Half Life 2 Headcrab Hand Puppet


Active Member
Heya RPF, been a while! I've become quite active on the 405th sister site and haven't been around here much lately.

Anyway, time for the real meat of the thread. Over the last year or so, I've been getting quite involved in puppetry and mechanics - I did a Little Shop of Horrors production, a full scale Halo: Combat Evolved Grunt puppet, and recently finished up an Enchanted Tiki Room drummer - my first animatronic. I want to keep expanding my mechanical skills to help bring my creature creations to life. So my current (well, one of many) project: a headcrab hand puppet from Half Life 2.

Earlier this year I sculpted the headcrab in ZBrush, as I attempted to learn the program to get some experience in a widely industry recognised project (as you will soon see, my forte is actually Blender, including the render below).


I will be using this model (and modifying it) to form the skin of the puppet.

The headcrab model was hollowed out, with room for my fingers in the limbs and two rings near the, um, mouth for my middle and ring fingers to hold on to.

What's great is, it's actually very easy to get the basics of puppeteering a headcrab with just your hands! Form a fist, then take the pinkie and pointer finger of both hands and stick them out (rock music makes this step easier). Stack one hand on top of and slightly in front of the other, and that's basically how a headcrab walks (though, the backlegs are dog-legged, as seen in the in game animations).

Recently, I started testing printing with flexible PLA to see if it could act as a replacement to having to mold and cast a latex/silicone skin. I chose flexible PLA over TPU as it's - somewhat - cheaper, easier to print, and can handle paints/sealants better. With my Bambu printer, it wasn't too much of a struggle to print, even managing to retain good detail on walls one perimeter thick (on a 0.4mm nozzle), except for overhangs.


This prototype headcrab was assembled in one whole piece, and coated in Leak Seal. Parts were joined together with glorious Shoe Goo. I digitally sculpted in grooves into the legs to help with bending the joints, like a bendy straw, so they don't splay out so much.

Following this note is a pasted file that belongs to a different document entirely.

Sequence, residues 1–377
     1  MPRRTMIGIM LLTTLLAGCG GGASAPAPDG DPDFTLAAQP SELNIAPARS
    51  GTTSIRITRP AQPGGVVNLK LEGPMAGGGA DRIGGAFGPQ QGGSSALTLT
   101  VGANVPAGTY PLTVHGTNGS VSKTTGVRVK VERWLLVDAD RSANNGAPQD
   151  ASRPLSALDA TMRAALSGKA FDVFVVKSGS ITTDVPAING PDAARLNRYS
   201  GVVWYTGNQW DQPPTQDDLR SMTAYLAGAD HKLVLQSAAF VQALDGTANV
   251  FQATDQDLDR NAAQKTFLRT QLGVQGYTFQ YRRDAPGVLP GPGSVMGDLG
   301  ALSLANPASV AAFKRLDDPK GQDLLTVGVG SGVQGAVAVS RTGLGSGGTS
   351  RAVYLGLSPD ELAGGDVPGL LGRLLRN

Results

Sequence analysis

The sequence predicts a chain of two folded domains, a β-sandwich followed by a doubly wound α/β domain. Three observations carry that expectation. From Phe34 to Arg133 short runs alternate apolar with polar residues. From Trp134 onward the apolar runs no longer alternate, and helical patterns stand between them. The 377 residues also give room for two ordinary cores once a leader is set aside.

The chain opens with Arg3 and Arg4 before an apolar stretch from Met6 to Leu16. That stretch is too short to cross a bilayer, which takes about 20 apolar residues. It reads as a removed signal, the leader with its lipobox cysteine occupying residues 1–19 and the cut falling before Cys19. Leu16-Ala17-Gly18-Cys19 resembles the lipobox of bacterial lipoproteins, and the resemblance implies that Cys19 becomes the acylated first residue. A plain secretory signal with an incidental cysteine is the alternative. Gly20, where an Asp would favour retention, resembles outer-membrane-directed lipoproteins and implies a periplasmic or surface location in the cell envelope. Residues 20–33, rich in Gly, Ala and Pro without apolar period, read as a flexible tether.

While I was surprised at the flexibility of flexible PLA, it certainly does have its limitations - unlike silicone or latex, it's not able to be compressed or stretched, hence why I had to sculpt those grooves in. It can also be a bit lound as parts snap back into shape, especially when the print is hollow.

But, with these limitations in mind, I am redesigning the headcrab to incorporate more technical capabilities, like articulated joints. That means that the creature will be broken up into sections, instead of being one, intact piece. Sure, it doesn't look as... er, "realistic", but the ability to pupeteer it more easily, and give it more expression, will definitely outweigh that con. Mechanics may be slightly exposed, like Barnaby Dixon's hand puppets, but that's part of the charm that I also adore (I'm the kind of guy who loves hearing the clicking of the animatronics at the Country Bear Jamboree).

As I write this, I've got one final piece printing for an articulated finger I am in a way "reverse engineering" that will allow me to hide some of the mechanisms underneath the finger, rather than on top.

Hoping to get this made in time for Brisbane Supanova in November, and now that I have a full time job... wish me luck!
I've made some strides in the time since the first post. Taking the articulated finger in the last post, I managed to - relatively easily - move the extension mechanism from the top of the finger to the bottom.